My Microwave, GE, and a Failure of EcoMagination

I’ve long been a fan of General Electric’s (GE) Ecomagination initiative.  I believe that CEO Jeff Immelt believe that more efficient and renewable energy products will be strong growth industries for years to come.  I quoted him in early 2007, “Renewable energy, energy efficiency, environmental technology – we’re going to own it."

But being green goes much deeper than selling Renewable Energy and Energy Efficiency products.  It’s also about product lifecycle.  A truly green company makes sure that the lifecycle of their products will have low impact on a Cradle to Cradle basis.

That’s where my microwave comes in.  I bought it a year and a half ago, and it started losing power at the oddest moments, and then coming back on unpredictably.  It seems to me the most likely problem is loose power connection, which should be simple to repair.  GE provides only a 1 year warranty, but I hate to recycle something so new that it looks like I just got it off the shelf of the store, so I looked for a place I could drop it off to get it repaired.

GE doesn’t do drop offs after the warranty date.  Instead, they want to send a service technician out, at a cost of $70 for the house call, plus parts and labor.  In other words, I’m practically guaranteed to have to spend more than the microwave cost new to get it repaired.  

If it had been during the warranty period (1 year), I could have dropped it off where I bought it.  Why can’t I do that after the warranty period, if I pay for the repair?

In sum, I see some easy improvements that GE could make to become greener with their appliances, not just their wind turbines and locomotives:

  1. Stop building appliances so cheaply that they fall apart so quickly.  This is the subject of an excellent book I finished recently, Cheap: The High Cost of Discount Culture, which is worth a read.
  2. Extend the warranty to a reasonable length (say 5 years) and advertise it heavily.  After all, if the appliance were built right, warranty service would not be expensive to implement.  Am I the only one who hates to have to recycle (or worse, throw away) an appliance after 18 months?  I doubt it.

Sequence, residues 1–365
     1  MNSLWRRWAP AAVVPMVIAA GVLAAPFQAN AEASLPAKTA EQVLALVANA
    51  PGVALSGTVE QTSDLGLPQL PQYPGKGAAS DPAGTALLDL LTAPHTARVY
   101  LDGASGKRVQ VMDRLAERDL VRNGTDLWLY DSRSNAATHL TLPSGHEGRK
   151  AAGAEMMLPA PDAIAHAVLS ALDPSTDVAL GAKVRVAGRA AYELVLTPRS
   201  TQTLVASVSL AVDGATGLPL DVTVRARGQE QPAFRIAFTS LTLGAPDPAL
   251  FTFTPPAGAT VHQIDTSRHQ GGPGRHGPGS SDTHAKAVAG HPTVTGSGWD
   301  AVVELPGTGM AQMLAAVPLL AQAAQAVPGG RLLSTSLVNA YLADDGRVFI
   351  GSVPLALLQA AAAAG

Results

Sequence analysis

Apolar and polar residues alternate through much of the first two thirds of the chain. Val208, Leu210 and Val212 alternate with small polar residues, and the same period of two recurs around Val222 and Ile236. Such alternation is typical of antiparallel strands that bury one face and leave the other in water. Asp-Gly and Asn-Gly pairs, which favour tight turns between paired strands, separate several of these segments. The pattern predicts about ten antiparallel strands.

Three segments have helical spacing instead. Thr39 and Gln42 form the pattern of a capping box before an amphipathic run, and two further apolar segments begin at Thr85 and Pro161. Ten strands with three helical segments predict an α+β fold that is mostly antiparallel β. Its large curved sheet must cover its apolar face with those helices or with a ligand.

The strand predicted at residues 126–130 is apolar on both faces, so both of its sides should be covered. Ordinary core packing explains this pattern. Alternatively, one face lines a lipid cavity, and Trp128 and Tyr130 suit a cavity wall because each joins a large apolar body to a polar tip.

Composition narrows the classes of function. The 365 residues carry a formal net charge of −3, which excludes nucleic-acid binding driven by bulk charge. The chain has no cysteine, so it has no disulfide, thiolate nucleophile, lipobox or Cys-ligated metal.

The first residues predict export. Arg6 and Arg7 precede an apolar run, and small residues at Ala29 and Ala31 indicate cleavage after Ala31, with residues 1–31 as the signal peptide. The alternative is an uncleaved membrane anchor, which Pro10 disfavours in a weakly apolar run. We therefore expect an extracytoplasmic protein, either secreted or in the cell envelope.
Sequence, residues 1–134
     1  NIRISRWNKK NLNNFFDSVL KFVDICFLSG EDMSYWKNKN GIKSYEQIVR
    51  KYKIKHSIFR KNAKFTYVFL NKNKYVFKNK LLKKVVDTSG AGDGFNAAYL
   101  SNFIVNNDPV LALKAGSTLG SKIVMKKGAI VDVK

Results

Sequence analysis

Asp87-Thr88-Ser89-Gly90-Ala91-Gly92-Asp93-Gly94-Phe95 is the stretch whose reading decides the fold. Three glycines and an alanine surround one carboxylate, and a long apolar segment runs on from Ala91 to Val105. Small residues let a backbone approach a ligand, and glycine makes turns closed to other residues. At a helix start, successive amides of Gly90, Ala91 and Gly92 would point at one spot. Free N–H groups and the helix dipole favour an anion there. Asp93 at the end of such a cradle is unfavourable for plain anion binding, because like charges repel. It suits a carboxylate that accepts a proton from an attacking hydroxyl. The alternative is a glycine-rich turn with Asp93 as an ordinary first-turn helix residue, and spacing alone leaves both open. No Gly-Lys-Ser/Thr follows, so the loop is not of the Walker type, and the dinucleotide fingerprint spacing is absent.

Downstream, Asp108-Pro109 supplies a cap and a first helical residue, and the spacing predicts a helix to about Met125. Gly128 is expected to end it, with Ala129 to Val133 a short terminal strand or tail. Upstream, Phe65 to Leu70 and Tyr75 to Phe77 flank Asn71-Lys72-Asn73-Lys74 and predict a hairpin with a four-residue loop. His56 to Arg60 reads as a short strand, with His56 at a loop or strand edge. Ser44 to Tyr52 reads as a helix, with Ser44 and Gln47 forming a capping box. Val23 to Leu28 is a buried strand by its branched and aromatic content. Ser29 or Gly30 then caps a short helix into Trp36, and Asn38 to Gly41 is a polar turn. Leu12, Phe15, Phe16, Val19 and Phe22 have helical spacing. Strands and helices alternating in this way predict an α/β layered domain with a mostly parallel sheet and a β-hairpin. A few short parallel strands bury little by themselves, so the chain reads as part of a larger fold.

3. Better yet, institute cradle to cradle practices, taking the appliance back at the end of its life.

In April, GE announced that they had started an initiative for lifecycle assessment of their products.  It’s awfully nice that they’re doing a study, but I really don’t need a study to tell me that not giving me the option to drop off my microwave for repair when it’s 18 months new is not helping its lifecycle environmental impact.

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6 Comments

  1. Antiquated Tory said

    If your microwave cost less than $70 new, surely this price was in part dependent on shoddy construction and planned obsolescence? How much of the consumer durables market these days lives on planned obsolescence?

  2. Tom said

    I think the microwave was about $150 new. The service charge would be $70 *PLUS* parts and labor.

  3. Great Article,
    I’m also a fan of GE , but more from the side that it continues to be and innovative corporation after a century o f being in business

    -Alexg

  4. There are so many companies out there that could do a better job of being green. The problem, of course, is the other green. Stand-alone microwaves, toasters, toaster ovens, irons, these are all commodity items. They don’t make a ton of money off of them and they want you to buy new ones every few years. After all, get too green and GE ceases to make money.

    They should start some type of small appliances recycling program. The company does a good job when it comes to anything with toxic chemicals (http://www.ge.com/citizenship/performance_areas/environment_health_safety_epa.jsp) but all those small appliances add up, too.

    Great post! Thanks for writing it.

  5. Diana Reid said

    So far I had to replace my GE Profile refrigerator after 5 years. My GE Microwave after 6 years and my GE dryer after 13 months. I no longer will buy GE. No wonder they needed a bail out. Built to break.

    • Christopher Parker said

      Very excellent comment in the way that it adressed the large providing coops actually losing money if they go TOO green but it still leaves that planet destroying “black eye” of excess waste all for the sake of making money. I also believe that a small apliance recycling program needs to be implemented, for the planets, and all of its inhabiting figures health because those discussed appliances, though they may be small, they still take up volume.

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